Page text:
A fascinating discussion in Vancouver, BC, about the relative merits of mid-rise and high-rise housing.

Clark

Satellite data has found a methane emissions hotspot in the Southwest US—likely natural gas leaking from coal-bed methane projects. If the scientists are right, the emissions had the same global warming impact as all of the carbon dioxide produced yearly in Sweden.

Chris

Just how important is the connection between diversity in the workplace and the quality of the work that results? Objective research shows that when we collaborate with partners dissimilar from ourselves, we up our game, and slack off in the company of those who are more similar. Read more »

Be the first to comment.

Prediction: Cloud Peak’s Coal Export Division Will Start Losing Money in 2015

There's only so long a coal company can make money betting that coal prices will fall.
This post is 26 in the series: Coal Exports: Caveat Investor

Cloud Peak Energy—a major coal producer in the Powder River Basin, and one of the top coal exporters in the western US—will release its third quarter financials in a few weeks. And even though international coal prices have been in free-fall for almost three years, I expect that Cloud Peak’s financial reports will show that the company’s export (or “logistics”) division made money from June through September 2014.

Yet I also expect that, just beneath the surface, the firm’s financials will show that Cloud Peak lost money exporting coal to Asia, just as it has for the last four consecutive quarters.

Just beneath the surface, Cloud Peak’s financials will show that the firm lost money exporting coal to Asia—just as it has for the last four consecutive quarters.

So how is it possible for a coal company to report profits from its export division, but losses from actual export sales? The answer: even though Cloud Peak’s coal export sales are bleeding red ink, the company is still benefiting from big bets that the company made years ago on the coal futures market.

But I believe that those lucky bets are poised to run out, starting in 2015.

Read more »

3 Comments

Ebola versus Cars

How we systematically misunderstand risk.

I think this chart speaks for itself.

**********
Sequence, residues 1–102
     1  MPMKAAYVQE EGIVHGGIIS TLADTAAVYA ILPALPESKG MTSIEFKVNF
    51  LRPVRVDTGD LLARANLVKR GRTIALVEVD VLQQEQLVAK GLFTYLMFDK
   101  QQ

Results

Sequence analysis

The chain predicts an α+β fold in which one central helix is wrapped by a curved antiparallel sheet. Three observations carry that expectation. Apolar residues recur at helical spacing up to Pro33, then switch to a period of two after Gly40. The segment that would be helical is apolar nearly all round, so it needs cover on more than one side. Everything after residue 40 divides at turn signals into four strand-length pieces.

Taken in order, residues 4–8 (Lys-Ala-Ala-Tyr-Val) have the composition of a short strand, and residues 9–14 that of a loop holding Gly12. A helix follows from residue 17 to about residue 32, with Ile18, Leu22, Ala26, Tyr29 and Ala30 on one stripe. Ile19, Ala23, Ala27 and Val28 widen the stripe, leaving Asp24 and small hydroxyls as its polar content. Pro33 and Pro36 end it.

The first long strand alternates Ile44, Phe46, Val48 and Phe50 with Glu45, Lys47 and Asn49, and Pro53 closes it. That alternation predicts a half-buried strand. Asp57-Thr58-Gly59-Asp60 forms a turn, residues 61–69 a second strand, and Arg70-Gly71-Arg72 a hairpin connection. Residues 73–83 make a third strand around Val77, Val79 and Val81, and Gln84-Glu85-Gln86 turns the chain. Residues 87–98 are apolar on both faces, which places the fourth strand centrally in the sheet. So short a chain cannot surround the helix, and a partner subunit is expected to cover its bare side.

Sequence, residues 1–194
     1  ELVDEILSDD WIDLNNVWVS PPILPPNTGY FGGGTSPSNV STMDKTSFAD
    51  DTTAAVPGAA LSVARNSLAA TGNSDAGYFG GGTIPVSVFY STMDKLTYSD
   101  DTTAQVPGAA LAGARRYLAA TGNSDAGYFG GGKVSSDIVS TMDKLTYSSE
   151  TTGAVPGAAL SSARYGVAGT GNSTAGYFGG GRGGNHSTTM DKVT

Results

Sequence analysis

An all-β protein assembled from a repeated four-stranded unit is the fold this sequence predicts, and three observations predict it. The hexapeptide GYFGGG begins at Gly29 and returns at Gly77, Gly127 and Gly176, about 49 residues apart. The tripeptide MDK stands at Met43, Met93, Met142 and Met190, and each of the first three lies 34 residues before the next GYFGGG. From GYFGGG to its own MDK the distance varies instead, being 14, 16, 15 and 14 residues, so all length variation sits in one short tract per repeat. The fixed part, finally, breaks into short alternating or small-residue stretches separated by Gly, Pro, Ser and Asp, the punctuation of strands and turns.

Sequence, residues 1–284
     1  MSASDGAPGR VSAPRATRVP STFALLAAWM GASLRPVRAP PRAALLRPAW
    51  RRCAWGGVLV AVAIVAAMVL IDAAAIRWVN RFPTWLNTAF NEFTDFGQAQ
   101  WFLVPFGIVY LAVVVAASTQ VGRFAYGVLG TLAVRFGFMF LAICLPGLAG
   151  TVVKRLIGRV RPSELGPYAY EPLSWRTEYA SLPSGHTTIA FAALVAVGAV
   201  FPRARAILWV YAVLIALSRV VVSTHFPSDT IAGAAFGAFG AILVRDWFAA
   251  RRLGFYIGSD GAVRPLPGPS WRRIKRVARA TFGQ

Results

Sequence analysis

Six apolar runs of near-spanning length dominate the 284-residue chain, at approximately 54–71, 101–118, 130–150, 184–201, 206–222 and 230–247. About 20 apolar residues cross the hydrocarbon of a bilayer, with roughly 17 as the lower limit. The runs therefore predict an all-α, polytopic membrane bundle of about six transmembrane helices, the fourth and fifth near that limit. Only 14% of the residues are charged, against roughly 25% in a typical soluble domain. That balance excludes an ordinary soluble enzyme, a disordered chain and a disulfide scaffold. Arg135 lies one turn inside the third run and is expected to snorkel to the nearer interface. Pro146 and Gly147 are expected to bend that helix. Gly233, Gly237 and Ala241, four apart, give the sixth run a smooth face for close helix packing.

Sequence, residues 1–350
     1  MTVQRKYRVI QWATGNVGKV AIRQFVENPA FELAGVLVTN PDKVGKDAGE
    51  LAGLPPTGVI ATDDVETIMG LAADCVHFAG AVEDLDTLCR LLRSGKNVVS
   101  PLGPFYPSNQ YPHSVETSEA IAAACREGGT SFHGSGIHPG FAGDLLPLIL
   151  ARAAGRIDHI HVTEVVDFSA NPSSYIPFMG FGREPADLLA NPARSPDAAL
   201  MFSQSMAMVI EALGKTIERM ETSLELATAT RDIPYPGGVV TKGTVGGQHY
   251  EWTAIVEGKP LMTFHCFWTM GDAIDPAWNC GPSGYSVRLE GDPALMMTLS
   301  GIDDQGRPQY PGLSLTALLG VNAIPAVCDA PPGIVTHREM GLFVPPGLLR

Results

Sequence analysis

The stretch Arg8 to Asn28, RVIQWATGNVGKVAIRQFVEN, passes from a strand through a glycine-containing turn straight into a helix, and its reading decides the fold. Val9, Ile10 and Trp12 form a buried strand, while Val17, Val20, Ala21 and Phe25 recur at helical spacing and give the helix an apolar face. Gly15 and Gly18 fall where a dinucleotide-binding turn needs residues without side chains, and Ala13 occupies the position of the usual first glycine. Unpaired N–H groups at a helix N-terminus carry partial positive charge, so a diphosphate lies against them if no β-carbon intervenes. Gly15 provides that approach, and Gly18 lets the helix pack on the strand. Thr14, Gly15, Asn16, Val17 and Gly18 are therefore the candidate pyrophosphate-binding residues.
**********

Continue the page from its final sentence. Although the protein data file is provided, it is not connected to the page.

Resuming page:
Original Sightline Institute chart, available under our free use policy.

Original Sightline Institute chart, available under our free use policy.

It’s probably fair to say that we’re in the midst of a full-blown media frenzy over the (admittedly worrisome) spread of the latest Ebola virus. Yet so far this year roughly 242 times as many people have died from traffic collisions—and I haven’t yet heard anyone call for banning cars, making driving illegal, or quarantining motorists. Read more »

19 Comments

Cap and Trade—In 3 Pictures

Three mental shortcuts for talking about smart climate and energy policy.
This post is part of the research project: Flashcards

We all rely on mental shortcuts to make sense of new information. Often, metaphor and analogy—or pictures—help us get a handle on abstract ideas.

Right now, far-reaching climate and energy policy is back in the news, this time at the state level on the west coast where California has an established cap and trade system, Oregon and Washington are thinking seriously about putting a limit on climate pollution, and British Columbia has a successful carbon tax shift in place.

The time is right to deploy the most compelling illustrations of how smart climate and energy policy works for people and our economy. Here are three mental shortcuts for talking about cap and trade:

Read more »

1 Comment
portrait

Can We Depend on the Money?

What Washington’s carbon revenue stream could look like through 2050.
This post is 16 in the series: Cashing In Our Carbon

Is carbon revenue too flighty for Washington to depend on it to solve some of its budget woes—including the State Supreme Court’s McCleary mandate to fully fund education? If a carbon price is successful at cutting pollution, won’t the revenue stream dry up as the pollution dwindles? The answer is no. Price and pollution are related; the price must progressively increase to continue curtailing pollution. If Washington keeps ratcheting down the pollution, it will receive a carbon revenue stream that will steadily rise for the next two decades and then flatten out in the 2040s.

Because it is difficult to make predictions, especially about the future, I offer three plausible price scenarios based on what we know. We know that pollution responds to price. We know that complementary policies, such as investments in energy efficiency, can work with a price to cut the cost of paring pollution. Each of the scenarios below assumes the Evergreen State hits its existing pollution abatement goals: getting back to 1990 levels of pollution by 2020, then cutting to 25 percent below 1990 levels by 2035, then slashing to 50 percent below 1990 levels by 2050.